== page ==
The human body produces a cacophony of sounds which we don’t know the meaning of. From a joint pop to tummy rumbling, each and every sound the body makes is either normal or a sign of some kind of problem. Kurt Hafer, MD, says that the context of the sounds can help you figure if it’s caused by a problem. Here are 13 weird noises the body makes and what they mean:
The whistling in your nose is usually caused by obstruction in the airflow due to excess mucus in the airways. In this case, an antihistamine or a decongestant can help. However, the whistling may also be caused by a tear in the cartilage between the nostrils due to trauma, so make sure to get it examined by a doctor if it goes on for a while.
Sneezing can be caused by anything from viruses to bright lights and is a reflex response which runs from the brain to the diaphragm. However, if it’s chronic, you might be suffering from some kind of allergy.
Whooshing in the ears
The whooshing you hear in your ears when lying in bed is the sound of blood flowing through the carotid artery. The sound is more noticeable when external noise is eliminated, and if it goes on for a full day it might indicate allergies. Congestion in the Eustachian tube may block the external sounds and can be cleared with a decongestant or antibiotic. The whooshing may also indicate some kind of blood vessel abnormality, so it’s best to check it at a doctor.
Ringing in the ears
Ringing in the ears is known as tinnitus and can be caused by loud noises, aging or infections. These conditions can damage the cells in your inner ear that transform sound waves into electrical signals, which results in ringing. If the ringing lasts for more than 2 days and is accompanied by vertigo or pain, you should see your doctor.
Belching is a term which describes the growling in your stomach caused by air escaping from it. It comes as a result of swallowing excess amounts of air and can be avoided by not talking when your mouth is full. It usually passes on its own, but if it goes on for a longer period it might be a sign of GERD (gastrointestinal reflux disease).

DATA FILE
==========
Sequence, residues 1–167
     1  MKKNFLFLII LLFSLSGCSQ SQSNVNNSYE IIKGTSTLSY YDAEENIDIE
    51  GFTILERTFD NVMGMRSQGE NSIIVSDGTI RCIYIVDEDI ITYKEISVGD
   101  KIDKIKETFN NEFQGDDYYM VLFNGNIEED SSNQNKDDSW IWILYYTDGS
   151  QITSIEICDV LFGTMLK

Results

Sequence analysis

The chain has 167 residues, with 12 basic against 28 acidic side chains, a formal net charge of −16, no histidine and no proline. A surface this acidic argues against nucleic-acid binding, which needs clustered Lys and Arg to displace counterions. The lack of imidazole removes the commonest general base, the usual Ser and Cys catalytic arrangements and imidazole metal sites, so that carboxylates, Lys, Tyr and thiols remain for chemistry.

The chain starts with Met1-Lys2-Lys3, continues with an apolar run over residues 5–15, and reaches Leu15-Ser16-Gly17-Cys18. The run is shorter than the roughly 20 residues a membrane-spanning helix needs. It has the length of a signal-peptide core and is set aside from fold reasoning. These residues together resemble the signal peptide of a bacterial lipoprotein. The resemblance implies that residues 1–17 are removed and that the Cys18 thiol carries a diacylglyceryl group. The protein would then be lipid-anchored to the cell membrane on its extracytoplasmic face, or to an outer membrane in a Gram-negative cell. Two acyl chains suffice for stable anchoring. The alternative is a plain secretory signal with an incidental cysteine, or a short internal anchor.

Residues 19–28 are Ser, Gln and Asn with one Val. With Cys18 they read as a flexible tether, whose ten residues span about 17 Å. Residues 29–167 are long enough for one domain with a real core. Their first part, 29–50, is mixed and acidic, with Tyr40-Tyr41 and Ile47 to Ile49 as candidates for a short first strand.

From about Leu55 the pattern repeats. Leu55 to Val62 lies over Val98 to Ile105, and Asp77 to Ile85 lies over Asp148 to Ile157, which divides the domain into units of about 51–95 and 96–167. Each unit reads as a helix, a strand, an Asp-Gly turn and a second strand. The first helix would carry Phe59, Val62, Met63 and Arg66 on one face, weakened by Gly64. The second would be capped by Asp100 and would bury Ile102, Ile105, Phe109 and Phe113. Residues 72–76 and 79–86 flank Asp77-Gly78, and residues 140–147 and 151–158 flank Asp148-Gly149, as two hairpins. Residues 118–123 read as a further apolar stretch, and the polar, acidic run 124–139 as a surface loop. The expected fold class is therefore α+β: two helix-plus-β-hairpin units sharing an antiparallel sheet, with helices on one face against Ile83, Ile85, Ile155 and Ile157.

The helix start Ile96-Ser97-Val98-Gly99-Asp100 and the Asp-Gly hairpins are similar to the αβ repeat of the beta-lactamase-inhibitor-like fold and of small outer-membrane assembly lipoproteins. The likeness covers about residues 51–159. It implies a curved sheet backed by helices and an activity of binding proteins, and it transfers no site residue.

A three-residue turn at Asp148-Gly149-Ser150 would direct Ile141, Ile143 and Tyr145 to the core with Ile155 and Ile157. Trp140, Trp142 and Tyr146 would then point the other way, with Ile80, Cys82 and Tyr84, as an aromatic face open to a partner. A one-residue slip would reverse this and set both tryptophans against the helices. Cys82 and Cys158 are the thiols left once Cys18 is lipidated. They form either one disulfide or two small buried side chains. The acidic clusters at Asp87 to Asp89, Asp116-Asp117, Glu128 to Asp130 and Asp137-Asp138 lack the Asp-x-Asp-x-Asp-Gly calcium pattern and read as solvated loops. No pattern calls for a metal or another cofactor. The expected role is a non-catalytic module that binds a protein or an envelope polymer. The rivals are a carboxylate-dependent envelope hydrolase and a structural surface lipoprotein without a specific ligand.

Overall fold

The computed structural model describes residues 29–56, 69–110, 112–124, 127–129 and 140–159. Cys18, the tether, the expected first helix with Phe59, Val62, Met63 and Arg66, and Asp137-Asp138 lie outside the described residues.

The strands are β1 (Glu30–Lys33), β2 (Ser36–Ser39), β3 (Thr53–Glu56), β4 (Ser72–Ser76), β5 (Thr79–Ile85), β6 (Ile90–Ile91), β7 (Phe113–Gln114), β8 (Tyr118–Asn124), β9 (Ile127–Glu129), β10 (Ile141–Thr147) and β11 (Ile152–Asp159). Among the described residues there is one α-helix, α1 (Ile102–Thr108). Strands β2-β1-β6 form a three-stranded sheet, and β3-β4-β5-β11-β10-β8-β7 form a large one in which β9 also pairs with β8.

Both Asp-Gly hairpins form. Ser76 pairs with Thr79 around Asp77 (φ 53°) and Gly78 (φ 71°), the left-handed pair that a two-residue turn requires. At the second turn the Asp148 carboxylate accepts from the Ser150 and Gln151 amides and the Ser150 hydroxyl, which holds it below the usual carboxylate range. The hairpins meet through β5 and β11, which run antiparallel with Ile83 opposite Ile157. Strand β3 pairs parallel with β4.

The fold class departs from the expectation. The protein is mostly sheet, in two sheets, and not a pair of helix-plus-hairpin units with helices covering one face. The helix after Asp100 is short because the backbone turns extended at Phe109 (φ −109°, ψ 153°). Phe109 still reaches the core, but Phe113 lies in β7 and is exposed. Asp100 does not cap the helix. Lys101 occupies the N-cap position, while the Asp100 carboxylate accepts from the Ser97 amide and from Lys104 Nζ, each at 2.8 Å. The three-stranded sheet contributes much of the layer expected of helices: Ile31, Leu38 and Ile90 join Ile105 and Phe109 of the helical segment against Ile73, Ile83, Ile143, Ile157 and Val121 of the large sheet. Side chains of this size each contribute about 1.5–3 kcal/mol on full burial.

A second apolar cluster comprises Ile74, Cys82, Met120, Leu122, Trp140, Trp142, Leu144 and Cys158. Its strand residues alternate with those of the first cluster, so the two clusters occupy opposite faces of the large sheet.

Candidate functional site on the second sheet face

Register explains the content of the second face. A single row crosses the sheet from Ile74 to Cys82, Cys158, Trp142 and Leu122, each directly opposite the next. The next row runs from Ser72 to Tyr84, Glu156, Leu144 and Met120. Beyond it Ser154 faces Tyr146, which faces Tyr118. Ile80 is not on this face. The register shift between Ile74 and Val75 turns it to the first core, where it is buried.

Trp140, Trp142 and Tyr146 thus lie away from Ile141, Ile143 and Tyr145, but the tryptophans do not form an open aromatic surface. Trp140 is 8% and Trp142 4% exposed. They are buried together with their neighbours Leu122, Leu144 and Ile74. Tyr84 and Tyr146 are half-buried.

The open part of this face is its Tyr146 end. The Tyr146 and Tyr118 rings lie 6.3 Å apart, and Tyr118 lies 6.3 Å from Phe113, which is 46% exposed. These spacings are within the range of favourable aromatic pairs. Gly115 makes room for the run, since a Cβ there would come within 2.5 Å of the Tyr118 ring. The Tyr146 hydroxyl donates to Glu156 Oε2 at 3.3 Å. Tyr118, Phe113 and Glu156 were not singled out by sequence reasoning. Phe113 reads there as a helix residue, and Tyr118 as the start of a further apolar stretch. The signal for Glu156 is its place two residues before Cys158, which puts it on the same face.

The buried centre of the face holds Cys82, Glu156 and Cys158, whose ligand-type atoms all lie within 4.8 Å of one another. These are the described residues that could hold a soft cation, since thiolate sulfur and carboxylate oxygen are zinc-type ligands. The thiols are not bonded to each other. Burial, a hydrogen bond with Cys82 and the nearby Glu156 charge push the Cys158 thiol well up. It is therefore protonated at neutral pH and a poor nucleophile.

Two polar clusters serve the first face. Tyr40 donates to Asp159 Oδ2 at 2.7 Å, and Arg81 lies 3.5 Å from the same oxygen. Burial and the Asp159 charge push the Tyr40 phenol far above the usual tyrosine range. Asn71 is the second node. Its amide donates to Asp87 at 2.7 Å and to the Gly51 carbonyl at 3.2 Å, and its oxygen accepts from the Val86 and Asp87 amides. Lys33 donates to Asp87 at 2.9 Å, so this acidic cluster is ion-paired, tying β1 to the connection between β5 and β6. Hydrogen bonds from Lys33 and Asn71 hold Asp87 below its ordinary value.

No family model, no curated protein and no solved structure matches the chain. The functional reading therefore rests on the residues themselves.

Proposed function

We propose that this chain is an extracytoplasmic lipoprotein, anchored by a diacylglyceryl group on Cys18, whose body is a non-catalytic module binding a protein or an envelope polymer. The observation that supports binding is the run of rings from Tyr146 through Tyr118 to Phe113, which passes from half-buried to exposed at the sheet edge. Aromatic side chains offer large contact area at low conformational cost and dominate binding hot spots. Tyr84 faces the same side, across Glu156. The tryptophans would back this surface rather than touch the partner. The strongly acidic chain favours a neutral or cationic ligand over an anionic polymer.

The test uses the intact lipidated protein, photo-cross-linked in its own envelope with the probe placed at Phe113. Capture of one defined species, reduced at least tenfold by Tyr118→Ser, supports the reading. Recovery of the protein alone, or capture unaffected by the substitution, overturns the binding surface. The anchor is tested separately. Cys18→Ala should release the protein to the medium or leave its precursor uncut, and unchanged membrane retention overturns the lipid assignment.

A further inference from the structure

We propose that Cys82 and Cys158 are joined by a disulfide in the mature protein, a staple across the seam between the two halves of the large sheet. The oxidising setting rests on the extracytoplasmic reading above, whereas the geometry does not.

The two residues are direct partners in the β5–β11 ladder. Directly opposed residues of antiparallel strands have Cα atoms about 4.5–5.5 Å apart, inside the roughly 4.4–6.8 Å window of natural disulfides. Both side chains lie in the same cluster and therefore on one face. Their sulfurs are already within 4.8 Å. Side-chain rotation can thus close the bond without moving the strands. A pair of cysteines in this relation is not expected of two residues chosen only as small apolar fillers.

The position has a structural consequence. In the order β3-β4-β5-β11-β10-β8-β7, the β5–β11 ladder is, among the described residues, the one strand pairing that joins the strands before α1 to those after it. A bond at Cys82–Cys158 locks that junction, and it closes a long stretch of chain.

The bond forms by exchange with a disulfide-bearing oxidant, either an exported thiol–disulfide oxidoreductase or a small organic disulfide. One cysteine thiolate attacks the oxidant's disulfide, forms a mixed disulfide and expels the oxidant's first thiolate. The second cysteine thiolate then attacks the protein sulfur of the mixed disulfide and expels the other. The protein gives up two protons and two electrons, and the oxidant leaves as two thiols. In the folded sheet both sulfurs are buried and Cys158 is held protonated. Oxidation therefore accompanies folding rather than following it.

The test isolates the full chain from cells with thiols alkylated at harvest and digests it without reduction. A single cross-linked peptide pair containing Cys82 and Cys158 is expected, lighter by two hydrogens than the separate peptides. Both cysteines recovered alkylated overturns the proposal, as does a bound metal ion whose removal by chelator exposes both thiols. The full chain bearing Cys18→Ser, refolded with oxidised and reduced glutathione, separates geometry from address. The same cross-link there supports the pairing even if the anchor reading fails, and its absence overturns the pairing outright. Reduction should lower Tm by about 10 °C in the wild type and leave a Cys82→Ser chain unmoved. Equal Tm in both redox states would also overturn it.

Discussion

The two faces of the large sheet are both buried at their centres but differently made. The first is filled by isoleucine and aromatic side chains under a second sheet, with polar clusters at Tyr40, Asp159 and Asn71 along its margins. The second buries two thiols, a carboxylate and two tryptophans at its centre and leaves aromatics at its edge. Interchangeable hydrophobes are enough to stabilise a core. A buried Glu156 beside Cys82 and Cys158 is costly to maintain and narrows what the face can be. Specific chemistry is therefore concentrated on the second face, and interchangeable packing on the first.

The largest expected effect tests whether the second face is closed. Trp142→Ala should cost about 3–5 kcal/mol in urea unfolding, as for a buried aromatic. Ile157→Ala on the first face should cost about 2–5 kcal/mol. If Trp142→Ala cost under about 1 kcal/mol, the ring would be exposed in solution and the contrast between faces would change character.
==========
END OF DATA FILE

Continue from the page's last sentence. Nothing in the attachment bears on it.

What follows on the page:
Hiccups occur due to spasms in the diaphragm caused by a stop in the inhaling process by a part of the larynx called glottis. The diaphragm is regulated by the phrenic and vagus nerves and stimulated by anxiousness, stress or excitement. Hiccups can be stopped by holding in your breath. They are generally not harmful, but if they last for more than 2 days, you need to visit a doctor as there might be something wrong with your central nervous system.
Rumbling in the gut
If your stomach rumbles, you’re hearing the sound of fluid and air moving around in it. If you hear this sound on an empty stomach, the gut might be sweeping out excess debris, or it can also mean that you’re hungry. If the rumbling goes on for a longer period and is accompanied by pain and nausea, it may indicate bowel obstruction which may require surgery.
Farting is actually a sound the gut makes when processing fiber from foods such as vegetables. The by-products of this process are gasses such as methane, hydrogen and nitrogen. Farting is actually a sign that your digestive system is working perfectly, so there’s nothing unpleasant in it. However, if you experience flatulence after consuming dairy products, it may indicate lactose intolerance which can have serious effects on your health.
A queefing vagina
Queefing is a result of trapped pockets of air coming out of the vagina. The vaginal canal isn’t straight – it has wrinkle-shaped folds called rugae which can trap air inside and release it later, resulting in the weird sound. Doctors recommend doing Kegel exercises in order to strengthen your pelvic muscles and keep air away from your vagina. This sound is nothing to worry about except if it’s accompanied by a foul odor or stool – in this case, the link between the vagina and rectum is torn, resulting in a dangerous condition known as rectovaginal fistula.
Popping joints are nothing to worry about. Our joints are lubricated by fluid that forms bubbles when under pressure which results in the familiar pop. However, if the popping is accompanied by pain or locking, you need to visit your doctor. This could indicate anything from ligament or tendon rupture that can seriously harm your joints.
Allergies or asthma can inflame your bronchi and cause a familiar wheezing sound which can be a symptom of a bigger problem. If you experience the sound often, we suggest visiting a doctor who can locate and treat the problem appropriately.
Snorting or gasping at light
Both sounds are related to sleep apnea, and should be checked by a doctor if they’re accompanied by fatigue.
Whooping is a sound caused by a condition called pertussis and occurs when a person tries to inhale through an inflamed airway. The condition gets worse overnight and should be checked by a doctor.